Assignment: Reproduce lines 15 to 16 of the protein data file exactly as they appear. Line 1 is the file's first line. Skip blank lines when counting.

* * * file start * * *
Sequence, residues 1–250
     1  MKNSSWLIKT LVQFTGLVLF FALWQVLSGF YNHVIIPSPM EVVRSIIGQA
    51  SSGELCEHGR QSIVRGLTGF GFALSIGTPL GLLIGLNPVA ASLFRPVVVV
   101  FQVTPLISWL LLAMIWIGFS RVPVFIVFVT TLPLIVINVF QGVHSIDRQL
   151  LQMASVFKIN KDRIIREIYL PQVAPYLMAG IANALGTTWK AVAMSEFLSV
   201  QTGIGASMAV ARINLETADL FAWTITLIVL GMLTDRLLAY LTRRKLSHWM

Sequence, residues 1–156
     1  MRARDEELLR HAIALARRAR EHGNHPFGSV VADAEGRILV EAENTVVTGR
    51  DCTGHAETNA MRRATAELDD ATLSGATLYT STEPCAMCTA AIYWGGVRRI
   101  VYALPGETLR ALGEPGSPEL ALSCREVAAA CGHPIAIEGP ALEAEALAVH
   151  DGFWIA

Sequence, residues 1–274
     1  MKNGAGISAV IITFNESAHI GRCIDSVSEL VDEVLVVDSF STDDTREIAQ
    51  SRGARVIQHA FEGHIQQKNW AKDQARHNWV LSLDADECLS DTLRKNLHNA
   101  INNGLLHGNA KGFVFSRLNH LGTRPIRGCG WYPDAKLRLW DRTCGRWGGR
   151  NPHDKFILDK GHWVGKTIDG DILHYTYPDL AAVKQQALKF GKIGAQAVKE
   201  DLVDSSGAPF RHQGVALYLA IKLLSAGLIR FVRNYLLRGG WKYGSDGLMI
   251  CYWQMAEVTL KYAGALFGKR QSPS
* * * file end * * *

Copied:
   101  INNGLLHGNA KGFVFSRLNH LGTRPIRGCG WYPDAKLRLW DRTCGRWGGR
   151  NPHDKFILDK GHWVGKTIDG DILHYTYPDL AAVKQQALKF GKIGAQAVKE